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Memorandum for General Embick
August 22, 1938 [Washington, D.C.]
Retention of highly trained technical personnel.
A special policy or regulation is suggested to cover the matter of the present serious loss to the Air Corps, the Signal Corps, and possibly the Engineers and Ordnance Services, of enlisted men who have been provided, at material expense, with special training in various technical or mechanical pursuits. At the present time, the training of mechanics and similar specialists, weather men, etc., has been complicated by the fact that these men fail to reenlist, or that they purchase their discharges in order to accept more lucrative positions in civil life. To meet this considerable drain, classes have had to be larger and the Services have seldom been fully provided with the trained personnel required.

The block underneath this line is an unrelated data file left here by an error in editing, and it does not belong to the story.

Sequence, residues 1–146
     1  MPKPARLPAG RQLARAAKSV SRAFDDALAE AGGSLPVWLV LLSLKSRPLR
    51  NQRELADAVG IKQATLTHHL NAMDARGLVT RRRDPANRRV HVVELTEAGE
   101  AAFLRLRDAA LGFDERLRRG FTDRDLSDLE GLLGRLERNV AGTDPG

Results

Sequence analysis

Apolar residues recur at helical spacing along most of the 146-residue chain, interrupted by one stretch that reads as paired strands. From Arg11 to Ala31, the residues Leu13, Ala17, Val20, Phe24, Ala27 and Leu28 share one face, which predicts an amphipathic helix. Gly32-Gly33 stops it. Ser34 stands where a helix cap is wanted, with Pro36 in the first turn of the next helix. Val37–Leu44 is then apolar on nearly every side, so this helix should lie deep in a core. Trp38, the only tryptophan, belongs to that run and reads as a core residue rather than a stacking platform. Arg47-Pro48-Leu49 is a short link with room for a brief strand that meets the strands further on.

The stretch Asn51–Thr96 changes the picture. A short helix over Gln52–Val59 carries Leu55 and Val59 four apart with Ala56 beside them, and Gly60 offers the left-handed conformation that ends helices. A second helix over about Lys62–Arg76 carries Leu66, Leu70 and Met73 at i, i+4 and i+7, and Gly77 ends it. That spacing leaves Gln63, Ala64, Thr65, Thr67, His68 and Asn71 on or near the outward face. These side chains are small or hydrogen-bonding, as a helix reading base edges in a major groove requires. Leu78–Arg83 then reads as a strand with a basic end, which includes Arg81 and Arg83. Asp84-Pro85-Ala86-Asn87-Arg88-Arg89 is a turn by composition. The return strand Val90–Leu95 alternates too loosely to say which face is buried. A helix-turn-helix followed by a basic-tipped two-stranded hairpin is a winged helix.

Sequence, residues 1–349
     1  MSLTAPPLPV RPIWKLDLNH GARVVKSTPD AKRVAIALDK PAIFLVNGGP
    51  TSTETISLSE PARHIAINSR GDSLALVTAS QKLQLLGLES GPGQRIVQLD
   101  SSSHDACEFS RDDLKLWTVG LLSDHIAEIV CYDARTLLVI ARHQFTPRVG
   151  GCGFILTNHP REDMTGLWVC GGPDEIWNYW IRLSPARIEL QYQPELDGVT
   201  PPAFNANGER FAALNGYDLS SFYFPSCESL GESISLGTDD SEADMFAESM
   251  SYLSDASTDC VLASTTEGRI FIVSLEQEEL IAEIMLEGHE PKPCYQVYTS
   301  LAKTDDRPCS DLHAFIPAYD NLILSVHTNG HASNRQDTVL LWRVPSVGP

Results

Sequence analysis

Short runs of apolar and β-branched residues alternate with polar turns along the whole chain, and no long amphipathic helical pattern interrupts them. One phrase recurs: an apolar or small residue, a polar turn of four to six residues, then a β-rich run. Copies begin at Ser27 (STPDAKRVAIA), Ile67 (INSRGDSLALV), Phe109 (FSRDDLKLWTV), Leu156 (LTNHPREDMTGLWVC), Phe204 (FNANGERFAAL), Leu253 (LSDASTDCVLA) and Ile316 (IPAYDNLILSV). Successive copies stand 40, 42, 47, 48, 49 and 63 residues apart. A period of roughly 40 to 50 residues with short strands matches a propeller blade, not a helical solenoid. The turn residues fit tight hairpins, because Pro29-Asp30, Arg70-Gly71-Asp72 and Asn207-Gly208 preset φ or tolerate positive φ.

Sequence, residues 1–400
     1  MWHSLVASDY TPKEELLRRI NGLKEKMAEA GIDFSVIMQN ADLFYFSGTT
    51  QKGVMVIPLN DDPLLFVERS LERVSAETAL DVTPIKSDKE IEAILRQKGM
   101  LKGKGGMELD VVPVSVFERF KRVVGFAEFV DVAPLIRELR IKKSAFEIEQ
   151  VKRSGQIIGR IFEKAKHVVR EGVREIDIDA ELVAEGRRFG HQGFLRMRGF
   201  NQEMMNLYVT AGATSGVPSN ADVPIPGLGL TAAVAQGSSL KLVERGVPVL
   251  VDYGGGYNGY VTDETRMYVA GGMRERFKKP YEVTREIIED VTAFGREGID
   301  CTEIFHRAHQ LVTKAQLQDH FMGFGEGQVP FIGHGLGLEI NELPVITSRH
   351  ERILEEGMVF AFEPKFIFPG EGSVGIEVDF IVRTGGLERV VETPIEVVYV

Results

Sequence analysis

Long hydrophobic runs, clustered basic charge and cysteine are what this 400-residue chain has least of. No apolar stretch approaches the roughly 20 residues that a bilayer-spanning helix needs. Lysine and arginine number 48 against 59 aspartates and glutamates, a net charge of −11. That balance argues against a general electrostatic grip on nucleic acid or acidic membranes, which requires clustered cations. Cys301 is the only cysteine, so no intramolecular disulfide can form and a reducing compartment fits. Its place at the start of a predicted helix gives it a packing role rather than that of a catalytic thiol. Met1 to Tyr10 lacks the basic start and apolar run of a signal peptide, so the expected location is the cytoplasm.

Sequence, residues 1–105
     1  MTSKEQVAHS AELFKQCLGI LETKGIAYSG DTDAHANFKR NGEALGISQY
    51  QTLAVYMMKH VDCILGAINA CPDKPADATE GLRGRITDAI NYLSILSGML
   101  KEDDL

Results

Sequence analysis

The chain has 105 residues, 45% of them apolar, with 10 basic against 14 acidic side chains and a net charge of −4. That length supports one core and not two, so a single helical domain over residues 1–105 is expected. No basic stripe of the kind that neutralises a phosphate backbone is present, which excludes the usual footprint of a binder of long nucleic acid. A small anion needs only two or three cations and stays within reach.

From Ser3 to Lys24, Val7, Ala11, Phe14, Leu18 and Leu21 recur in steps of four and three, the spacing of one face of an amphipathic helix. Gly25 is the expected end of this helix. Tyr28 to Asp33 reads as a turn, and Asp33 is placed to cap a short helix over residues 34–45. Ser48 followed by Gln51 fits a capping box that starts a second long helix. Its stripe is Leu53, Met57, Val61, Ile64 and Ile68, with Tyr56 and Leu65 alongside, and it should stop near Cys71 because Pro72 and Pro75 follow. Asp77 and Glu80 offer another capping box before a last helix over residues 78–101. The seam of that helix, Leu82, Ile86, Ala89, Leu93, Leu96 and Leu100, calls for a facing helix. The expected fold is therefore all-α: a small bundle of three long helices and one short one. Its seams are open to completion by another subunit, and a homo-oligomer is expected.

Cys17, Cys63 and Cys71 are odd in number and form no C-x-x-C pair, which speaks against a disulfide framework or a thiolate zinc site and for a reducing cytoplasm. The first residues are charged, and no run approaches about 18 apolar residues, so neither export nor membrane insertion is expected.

It would seem that men reporting for such training, which is usually sought by the individual, should be discharged and immediately reenlisted for three years, with the distinct understanding at the time that discharge by purchase would not be permitted. In this way, the Services concerned could be provided with trained men with something over two years to serve, and with the probability that many who would otherwise have purchased their discharges would continue on because of the increased ratings and rank that come with length of service. There is the possibility that the resulting economies would, in effect, provide an increase in available personnel for troops and depots.
The Congressional pressure for one-year enlistments which has been met by a generous policy in permitting discharge by purchase, could be satisfactorily met, I am sure, by the logic and resulting economy of the proposed exception.
Document Copy Text Source: George C. Marshall Papers, Pentagon Office Collection, Selected Materials, George C. Marshall Research Library, Lexington, Virginia.
Document Format: Typed memorandum.
Recommended Citation: The Papers of George Catlett Marshall, ed. Larry I. Bland and Sharon Ritenour Stevens (Lexington, Va.: The George C. Marshall Foundation, 1981- ). Electronic version based on The Papers of George Catlett Marshall, vol. 1, “The Soldierly Spirit,” December 1880-June 1939 (Baltimore and London: The Johns Hopkins University Press, 1981), pp. 618-619.